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Swiftmud, give us proof before selling conservation lands

Nearly 20 years ago, the state announced an ambitious plan to buy 32,000 acres of prized habitat called the Annutteliga Hammock.

Turns out it was probably too ambitious.

The Southwest Florida Water Management District now says it will unload — or "surplus," as the district euphemistically calls it — about 2,500 acres of conservation land throughout the district, more than 1,000 acres of it in the hammock.

This sad end to the Annuteliga project is probably inevitable, given that the remaining parcels are in the sprawling, partially developed Royal Highlands subdivision. And the way the district is bringing about this termination is thoughtful and even creative.

But if it deservers praise, it also merits caution.

Considering that the idea of selling off conservation land goes directly against last year's voter mandate to acquire such land, and considering that the trust of these voters has been trashed by the Legislature funneling that money into other uses, we need specifics. We need safeguards — lots and lots of safeguards.

Here's the plan as described last week by the district's lands and operations director, Ken Frink, who unrolled a big map of Royal Highlands to show what he's up against.

Other state agencies, including the Florida Forest Service, got the easy part of the hammock project — buying up thousand-plus-acre chunks of old, dormant subdivisions.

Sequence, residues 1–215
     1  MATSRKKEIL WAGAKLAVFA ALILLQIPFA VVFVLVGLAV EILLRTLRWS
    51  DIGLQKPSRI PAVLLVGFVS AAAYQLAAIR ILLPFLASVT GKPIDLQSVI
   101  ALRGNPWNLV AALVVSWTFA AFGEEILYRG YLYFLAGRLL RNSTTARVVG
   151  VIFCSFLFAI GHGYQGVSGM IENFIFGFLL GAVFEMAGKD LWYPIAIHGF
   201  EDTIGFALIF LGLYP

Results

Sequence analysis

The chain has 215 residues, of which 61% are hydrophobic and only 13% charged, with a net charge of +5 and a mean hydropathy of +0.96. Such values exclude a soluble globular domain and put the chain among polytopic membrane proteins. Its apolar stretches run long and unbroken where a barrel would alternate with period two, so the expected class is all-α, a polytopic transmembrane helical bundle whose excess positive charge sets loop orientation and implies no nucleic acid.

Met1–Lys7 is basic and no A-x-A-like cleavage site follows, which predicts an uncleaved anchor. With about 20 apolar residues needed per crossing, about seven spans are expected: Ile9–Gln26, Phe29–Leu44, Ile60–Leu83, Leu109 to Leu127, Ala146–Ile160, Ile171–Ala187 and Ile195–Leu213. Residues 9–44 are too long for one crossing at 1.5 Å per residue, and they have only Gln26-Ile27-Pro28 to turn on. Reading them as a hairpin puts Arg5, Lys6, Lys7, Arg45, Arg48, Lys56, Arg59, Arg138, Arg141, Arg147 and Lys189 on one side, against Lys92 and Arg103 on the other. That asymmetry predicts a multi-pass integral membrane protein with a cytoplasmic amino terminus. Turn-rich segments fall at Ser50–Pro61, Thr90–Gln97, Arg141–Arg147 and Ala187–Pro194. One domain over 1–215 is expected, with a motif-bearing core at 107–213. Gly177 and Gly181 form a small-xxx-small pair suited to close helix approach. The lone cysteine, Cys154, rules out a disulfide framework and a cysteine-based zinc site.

The district, meanwhile, had to go after Royal Highlands one half-acre lot at time. It was hard enough doing these deals with individual, mostly out-of state-owners before the completion of the Suncoast Parkway in 2001. It was nearly impossible by, for example, 2005, when the average price of lot in Royal Highlands had skyrocketed to $38,000.

Not only was the price out of reach; the boom left enough houses scattered through the subdivision to break up any planned swath of conservation land. So here's the district's response: Sell the hundreds of lots it owns south of Thrasher Road; use the money to buy lots that will fill in a corridor to the north of the road, between two larger blocks of conservation land on either side of the Dunes Golf Club.

Of course, even those fragmented southern lots have value as conservation land. Some are large enough, up to 160 acres, to represent sizable chunks of preservation on their own. Also, every district-owned lot means no septic tanks or fertilizer that might dump nitrogen into the aquifer and, eventually, into the spring-fed Chassahowitzka River. It means no asphalt driveways blocking the water's flow through the sieve-like, sandy soil.

So, Frink said, the district will sell those lots with strings attached. A homeowner might be able to buy the neighboring lot as long as he or she agrees not to build on it. The bigger parcels will go with the understanding that they can't be subdivided into smaller ones.

Okay, but this is what we need to hear before the district's governing board approves this plan, which it will consider on May 19:

We need to know exactly how these limits on development will work — how many lots will come with deed restrictions, how many with conservation easements, how many will be re-platted to limit small-lot development.

We need an assurance that, altogether, no more septic tanks can be built in the hammock than can be built there now.

We need a guarantee that every penny raised from the sale of lots in the southern part of this property will be put into buying the lots the district says it is targeting — the ones that will fill in the gaps of the planned corridor.

Buy this land because it's just what voters want from agencies such as Swiftmud. And give us proof because we're not in a trusting mood.

Contact Dan DeWitt at; follow @ddewitttimes.